A miter saw stand will greatly improve both the usability and the capability of your saw. The Ryobi Miter Saw stand, pithily dubbed the Quickstand (model #A18MS01), is one of the more inexpensive and yet functional products you’ll find on the market. The miter saw stand has 400 lbs. of holding capacity, so it’s equipped to not only hold a large miter saws, it can support the saw while also provided enough strength of nearly any type of material you’re likely to cut. The stand is made of steel, and it folds up and down so you can tuck it away when not in use, plus this makes taking it to the jobsite all the more easy.
At this year’s Bosch Media Event the one tool that stood out the most was their new Axial Glide 12-inch Dual Bevel Miter Saw (GCM12SD). There is no question that it redefines the operational expectations of a miter saw. Right off the bat you could see that Bosch has basically created a Terminator-style machine that looked aggressive and raised the bar for how a miter saw should function. What’s more, they released it at a $699 price point that matches their existing top-of-the-line 12″ miter saw. That’s bold.
Installing wood floors can be exhausting, back-breaking work and the tools needed to support the installation can be a pain to use. Typical wood flooring projects require a miter saw to cut planks to length and a table saw to cut them to width. When starting an installation project, users have to either haul both saws from the workshop or garage to their installation site, or they must run back and forth to make all of the cuts needed until the project is complete. Skil’s groundbreaking Flooring Saw saves time, energy and money by allowing users to make these cuts with just one tool.
The new Hitachi C8FSHE 8-1/2â€ sliding compound miter saw was released to coincide with Hitachiâ€™s 20th year in the business since making the first ever sliding compound miter saw back in 1988. The sliding compound miter saw bridges the gap between much larger radial arm saws and fixed blade miter saws. With the ability to slide the blade assembly, large cuts are made easy. The innovation of Hitachi has not slowed down either. With these new series of saws, more power has been added along with more refinement in the overall machine to help make carpentersâ€™ jobs easier by helping them work smarter.
Most do not think of a miter saw as a multipurpose tool, but that idea might change with the Evolution Power Tools RAGE3 10″ TCT Multipurpose Sliding Miter Saw which is a “material eating machine.” The saw claims the ability to cut steel, wood, aluminum, plastic and more. In fact they also boast that with their RAGE3 10″ diamond blade, this jack-of-all-trades tool can also cut tile, slate and other flooring and roofing materials. It’s an understatement to say that we wanted give this saw a workout!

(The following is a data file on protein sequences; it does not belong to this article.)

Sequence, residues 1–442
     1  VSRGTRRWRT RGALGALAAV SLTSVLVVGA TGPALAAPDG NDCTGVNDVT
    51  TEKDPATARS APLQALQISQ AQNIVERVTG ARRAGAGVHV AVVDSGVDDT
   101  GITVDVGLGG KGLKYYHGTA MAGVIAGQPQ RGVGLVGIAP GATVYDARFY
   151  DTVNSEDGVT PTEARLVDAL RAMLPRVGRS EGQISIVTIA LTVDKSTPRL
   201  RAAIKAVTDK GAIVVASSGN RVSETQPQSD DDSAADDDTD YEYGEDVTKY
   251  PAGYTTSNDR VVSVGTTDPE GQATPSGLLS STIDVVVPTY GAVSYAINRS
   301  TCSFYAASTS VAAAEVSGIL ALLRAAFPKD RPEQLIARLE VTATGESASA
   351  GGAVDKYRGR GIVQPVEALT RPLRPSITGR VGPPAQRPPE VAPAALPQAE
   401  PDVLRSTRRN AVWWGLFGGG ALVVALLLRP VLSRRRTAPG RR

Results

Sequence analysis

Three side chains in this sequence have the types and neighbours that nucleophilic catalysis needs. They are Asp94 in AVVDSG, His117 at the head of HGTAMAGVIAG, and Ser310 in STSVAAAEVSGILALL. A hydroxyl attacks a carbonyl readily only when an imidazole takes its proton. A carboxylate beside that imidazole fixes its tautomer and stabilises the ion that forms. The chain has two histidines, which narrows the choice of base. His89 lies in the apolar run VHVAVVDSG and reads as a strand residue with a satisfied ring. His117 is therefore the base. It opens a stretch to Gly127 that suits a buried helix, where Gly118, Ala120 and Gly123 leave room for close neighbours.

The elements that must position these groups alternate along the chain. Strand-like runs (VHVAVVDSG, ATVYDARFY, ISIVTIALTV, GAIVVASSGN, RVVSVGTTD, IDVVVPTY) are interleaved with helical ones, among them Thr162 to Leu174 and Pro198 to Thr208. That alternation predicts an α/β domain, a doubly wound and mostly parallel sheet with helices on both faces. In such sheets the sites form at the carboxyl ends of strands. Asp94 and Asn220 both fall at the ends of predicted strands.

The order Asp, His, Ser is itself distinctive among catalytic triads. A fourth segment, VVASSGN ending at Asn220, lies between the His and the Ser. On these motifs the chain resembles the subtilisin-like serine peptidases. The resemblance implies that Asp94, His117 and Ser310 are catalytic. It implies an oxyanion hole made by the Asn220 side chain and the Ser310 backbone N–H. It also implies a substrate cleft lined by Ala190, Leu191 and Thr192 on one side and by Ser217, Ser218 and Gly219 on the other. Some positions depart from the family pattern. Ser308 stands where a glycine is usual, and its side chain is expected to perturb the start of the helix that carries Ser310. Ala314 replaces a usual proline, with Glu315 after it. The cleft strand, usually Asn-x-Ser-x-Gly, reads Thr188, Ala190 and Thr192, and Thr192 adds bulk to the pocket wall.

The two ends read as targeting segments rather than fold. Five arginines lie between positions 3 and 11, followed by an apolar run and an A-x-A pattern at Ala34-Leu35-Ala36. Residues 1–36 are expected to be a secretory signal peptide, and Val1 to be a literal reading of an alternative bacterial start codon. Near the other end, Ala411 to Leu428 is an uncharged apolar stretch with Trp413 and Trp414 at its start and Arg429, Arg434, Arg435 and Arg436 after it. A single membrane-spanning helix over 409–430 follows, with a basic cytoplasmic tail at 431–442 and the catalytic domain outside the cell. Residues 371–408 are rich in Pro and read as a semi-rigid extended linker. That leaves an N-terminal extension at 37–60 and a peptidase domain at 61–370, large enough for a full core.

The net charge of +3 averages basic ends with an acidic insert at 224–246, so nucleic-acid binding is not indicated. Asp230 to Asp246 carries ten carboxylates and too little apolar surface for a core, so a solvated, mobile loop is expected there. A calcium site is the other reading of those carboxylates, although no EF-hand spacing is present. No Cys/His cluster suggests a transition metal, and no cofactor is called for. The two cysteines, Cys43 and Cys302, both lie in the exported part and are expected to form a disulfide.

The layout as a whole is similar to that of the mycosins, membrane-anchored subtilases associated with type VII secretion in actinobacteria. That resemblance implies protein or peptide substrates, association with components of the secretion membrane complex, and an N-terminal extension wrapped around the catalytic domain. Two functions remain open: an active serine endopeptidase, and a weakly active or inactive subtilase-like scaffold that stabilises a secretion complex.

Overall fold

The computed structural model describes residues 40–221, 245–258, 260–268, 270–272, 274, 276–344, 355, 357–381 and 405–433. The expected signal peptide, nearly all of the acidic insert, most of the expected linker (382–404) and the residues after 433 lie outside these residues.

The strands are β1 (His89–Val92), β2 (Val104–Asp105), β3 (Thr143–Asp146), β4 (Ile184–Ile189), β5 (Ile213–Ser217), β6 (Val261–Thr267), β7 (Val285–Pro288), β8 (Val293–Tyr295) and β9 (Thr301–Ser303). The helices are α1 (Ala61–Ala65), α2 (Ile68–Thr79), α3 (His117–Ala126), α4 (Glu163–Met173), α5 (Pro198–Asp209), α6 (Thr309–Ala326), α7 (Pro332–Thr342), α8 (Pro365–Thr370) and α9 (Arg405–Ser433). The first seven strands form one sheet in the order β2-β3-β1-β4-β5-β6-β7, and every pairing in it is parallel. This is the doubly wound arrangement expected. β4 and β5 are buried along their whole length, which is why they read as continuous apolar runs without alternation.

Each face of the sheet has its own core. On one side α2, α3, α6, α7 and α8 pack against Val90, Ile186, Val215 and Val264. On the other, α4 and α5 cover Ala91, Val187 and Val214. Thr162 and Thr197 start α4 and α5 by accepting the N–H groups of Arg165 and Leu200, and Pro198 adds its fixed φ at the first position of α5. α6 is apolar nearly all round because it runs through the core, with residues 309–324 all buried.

For a seasoned pro, finding and cutting complex angles is not a problem but for the rest of us Craftsman has a new 10″ compound miter saw that is in development called the Miter Mate that takes the guess work out of angle cuts.
While other miter saws are playing at being tough, the Ridgid MS1290LZA 12-inch sliding compound miter saw takes a different approach. In fact, it takes the competition to task – with just the right blend of features and finesse. Case in point: show me another miter saw whose miter adjustments can be made with your pinky finger? Can’t find any? Welcome to Ridgid.
The Milwaukee 6955-20 12-inch sliding dual miter saw is a sight to behold. Its digital miter angle readout sets it apart from the competition. Milwaukee uses a clear lower blade guard – a HUGE improvement over the typically opaque guards you see with some other manufacturers. A pair of dual work lights really rounded out the feature set of this sliding miter saw and, in our opinion, should be standard operating procedure on all tools of this genre. Who doesn’t want a little light on their workspace?
The DeWALT DW718 sliding dual miter saw surprised us with its mediocrity. While certainly rugged, this tool lacks anything to truly set it apart or make it stand out in a crowd of stiff competition. From its clumsy miter system to an almost unreadable bevel gauge, the DW718 is a disappointing product from a company we’ve learned to expect more from.